It’s Children’s Day In Bhubaneswar Schools: Parents, Children Join In; Know How

Bhubaneswar: When six-year-old Janhvi Rout was participating in her school’s online dance competition to observe Children’s Day this year, her doctor mother—Jayshree Suchandran—had some tough tasks to perform.

Janhvi Rout Of Blossoms School

Keeping the kid glued to the act and not letting her give up midway was the first one. Secondly, she also had to ensure that the little one got the moves correct and didn’t pick up the gadget to type a ton of gibberish in her work-related messaging groups.

As parents say, this Children’s Day has been one of the toughest for them in Odisha’s Bhubaneswar, where most of the schools conducted virtual celebrations to commemorate the birth anniversary of India’s first Prime Minister Jawaharlal Nehru on November 14. In fact, the majority of parents said about 90 per cent of the activities required their participation. Despite hiccups, glitches or hurdles, the teachers, students and schools managed to perform a plethora of activities on the day and get those live-streamed for others.

Hybrid celebrations

Not everything was online though! Some schools adopted the hybrid model to keep the fun alive amid the super-challenging pandemic. For instance, at SAI International School, there were both online and offline programmes. “We had online programmes, in which teachers performed for students from playgroup to Class XII. At the same time, offline events were held for the students (Class VIII onwards) of the residential schools. The teachers performed skits, songs and dance, which were also live-streamed for other students of the school,” said Silpi Sahoo, chairperson of SAI International School.

Similar model was followed by Narayana School. “After taking permission from the parents, the school organised an offline event with only 10 children from the senior classes on its premises. About 200 to 300 children joined the programme online. The events and the cake-cutting ceremony were live-streamed,” said Subhrajit Mohanty, whose child is also a student of Narayana School.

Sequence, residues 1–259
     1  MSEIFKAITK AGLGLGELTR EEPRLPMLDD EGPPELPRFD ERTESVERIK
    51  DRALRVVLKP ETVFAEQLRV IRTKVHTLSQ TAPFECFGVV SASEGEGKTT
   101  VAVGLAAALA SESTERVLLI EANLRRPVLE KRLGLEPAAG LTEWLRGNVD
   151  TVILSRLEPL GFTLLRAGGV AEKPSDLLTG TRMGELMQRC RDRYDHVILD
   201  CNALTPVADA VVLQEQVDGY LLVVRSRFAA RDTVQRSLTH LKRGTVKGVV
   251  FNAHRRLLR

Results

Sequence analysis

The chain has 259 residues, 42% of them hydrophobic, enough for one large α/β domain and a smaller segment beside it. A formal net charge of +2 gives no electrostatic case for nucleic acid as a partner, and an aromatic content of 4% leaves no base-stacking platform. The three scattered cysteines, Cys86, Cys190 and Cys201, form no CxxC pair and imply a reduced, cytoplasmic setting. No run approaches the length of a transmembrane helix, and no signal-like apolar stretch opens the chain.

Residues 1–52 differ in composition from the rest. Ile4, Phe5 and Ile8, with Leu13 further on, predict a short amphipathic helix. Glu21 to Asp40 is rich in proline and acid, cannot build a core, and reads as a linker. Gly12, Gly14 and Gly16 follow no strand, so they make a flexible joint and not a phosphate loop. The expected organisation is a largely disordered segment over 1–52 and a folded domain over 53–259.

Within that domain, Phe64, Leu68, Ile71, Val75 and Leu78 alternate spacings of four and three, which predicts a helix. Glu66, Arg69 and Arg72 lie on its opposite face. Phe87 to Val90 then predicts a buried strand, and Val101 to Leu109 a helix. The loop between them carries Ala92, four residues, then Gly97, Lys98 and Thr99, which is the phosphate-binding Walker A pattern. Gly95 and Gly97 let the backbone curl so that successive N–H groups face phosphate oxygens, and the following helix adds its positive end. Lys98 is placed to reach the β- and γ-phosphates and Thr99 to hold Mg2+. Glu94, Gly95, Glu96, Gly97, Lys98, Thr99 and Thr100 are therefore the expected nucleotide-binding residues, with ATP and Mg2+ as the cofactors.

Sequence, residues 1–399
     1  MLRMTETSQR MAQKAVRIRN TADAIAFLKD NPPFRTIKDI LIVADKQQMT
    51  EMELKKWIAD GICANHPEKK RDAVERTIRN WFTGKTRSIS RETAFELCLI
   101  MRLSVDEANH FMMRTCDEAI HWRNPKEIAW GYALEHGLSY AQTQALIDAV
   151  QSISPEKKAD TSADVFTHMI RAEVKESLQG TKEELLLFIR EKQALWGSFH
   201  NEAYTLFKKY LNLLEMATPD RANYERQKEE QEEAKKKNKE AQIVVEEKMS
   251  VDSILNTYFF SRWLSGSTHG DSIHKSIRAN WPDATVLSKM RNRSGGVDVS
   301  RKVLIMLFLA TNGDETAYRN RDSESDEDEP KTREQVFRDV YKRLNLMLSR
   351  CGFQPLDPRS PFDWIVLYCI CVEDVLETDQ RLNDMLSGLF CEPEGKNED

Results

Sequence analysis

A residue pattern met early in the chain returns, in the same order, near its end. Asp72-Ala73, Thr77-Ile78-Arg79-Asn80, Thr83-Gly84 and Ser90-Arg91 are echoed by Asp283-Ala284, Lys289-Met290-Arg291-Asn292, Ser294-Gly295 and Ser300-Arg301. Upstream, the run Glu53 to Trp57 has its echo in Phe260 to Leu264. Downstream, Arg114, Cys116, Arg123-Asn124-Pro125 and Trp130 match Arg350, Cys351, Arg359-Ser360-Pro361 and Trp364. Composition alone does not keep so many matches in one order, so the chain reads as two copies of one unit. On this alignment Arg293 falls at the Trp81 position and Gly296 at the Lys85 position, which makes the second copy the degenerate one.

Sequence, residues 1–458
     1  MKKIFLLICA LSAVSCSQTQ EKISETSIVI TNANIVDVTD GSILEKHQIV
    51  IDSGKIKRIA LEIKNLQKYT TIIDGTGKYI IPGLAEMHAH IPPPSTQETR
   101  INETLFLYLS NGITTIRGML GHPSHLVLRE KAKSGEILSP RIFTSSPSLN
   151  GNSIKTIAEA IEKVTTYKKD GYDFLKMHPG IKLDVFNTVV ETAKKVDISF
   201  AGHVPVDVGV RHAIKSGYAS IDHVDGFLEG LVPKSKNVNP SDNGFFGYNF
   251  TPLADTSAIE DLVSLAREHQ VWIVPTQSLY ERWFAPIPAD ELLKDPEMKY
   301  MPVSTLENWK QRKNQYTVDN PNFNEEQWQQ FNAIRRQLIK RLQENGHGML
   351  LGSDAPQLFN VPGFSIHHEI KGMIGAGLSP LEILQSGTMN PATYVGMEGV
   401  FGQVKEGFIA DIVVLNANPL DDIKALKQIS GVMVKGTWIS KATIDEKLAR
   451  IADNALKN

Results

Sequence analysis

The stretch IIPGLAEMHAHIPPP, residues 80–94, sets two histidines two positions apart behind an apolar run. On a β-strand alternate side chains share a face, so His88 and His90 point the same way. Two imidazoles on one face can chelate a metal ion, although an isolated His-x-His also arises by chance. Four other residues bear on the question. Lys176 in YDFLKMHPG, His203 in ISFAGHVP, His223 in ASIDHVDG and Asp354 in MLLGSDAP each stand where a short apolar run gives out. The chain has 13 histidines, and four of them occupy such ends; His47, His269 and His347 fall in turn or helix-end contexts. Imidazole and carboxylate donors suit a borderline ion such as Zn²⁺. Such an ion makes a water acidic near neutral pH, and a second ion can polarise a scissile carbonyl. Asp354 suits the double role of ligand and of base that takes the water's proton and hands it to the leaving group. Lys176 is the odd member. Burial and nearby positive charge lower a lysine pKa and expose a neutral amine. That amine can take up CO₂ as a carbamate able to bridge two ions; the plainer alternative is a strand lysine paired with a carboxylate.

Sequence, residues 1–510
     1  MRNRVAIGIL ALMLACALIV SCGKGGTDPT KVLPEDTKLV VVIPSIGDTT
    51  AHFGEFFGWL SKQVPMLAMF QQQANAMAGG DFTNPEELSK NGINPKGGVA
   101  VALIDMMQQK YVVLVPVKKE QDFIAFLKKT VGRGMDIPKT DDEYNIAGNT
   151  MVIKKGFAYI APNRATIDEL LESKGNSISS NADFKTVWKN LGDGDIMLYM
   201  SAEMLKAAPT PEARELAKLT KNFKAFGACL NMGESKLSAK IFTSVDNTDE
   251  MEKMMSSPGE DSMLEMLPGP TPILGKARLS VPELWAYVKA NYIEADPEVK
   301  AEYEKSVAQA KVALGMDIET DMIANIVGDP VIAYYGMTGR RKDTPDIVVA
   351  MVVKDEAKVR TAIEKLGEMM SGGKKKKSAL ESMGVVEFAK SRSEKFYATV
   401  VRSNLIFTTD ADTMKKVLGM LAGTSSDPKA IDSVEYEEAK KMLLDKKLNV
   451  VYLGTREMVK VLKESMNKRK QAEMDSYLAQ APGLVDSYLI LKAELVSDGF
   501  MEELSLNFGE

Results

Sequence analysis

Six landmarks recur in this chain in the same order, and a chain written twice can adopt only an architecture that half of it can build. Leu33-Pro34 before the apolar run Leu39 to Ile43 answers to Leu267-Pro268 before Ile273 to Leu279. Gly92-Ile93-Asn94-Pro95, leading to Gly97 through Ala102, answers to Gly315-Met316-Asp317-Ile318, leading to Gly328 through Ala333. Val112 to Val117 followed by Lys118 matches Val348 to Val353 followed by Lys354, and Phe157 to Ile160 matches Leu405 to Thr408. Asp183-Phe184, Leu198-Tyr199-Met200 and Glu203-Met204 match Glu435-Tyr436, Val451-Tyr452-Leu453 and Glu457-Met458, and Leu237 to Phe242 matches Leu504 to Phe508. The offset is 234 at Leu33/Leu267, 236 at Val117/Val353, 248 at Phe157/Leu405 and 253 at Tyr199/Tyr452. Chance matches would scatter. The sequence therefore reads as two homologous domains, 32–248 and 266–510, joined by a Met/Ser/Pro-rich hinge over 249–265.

Virtual greetings but real gifts

Though each class teacher at Happy Hours School was asked to conduct online events for the kids using the school’s customised portal, the students received real gifts. “The parents were asked to come and collect the gifts from the school. Each child was given story books. Besides, we hosted online competitions for them,” said Nidhi Dhawan, principal of Happy Hours School. Not just schools, greetings poured in from parents as well. Members of Organisation of Parents’ Associations Forum (OPAF) took to social media to share virtual greetings to all children in the country. Fancy dress and quiz were the most sought after online events for the schools. “We used the occasion to enlighten the kids with knowledge on various topics, often not covered in school curriculum. So, we hosted a quiz online,” Madhumita Sahoo, principal of Guru Nanak English Medium School, said.

Beyond schools: Insta reels

A social organisation, Robin Hood Army Bhubaneswar, organised a reel-making competition for children on Instagram. Each participant had to create an Insta reel on the topic ‘What does Childrens’ Day mean to you?’

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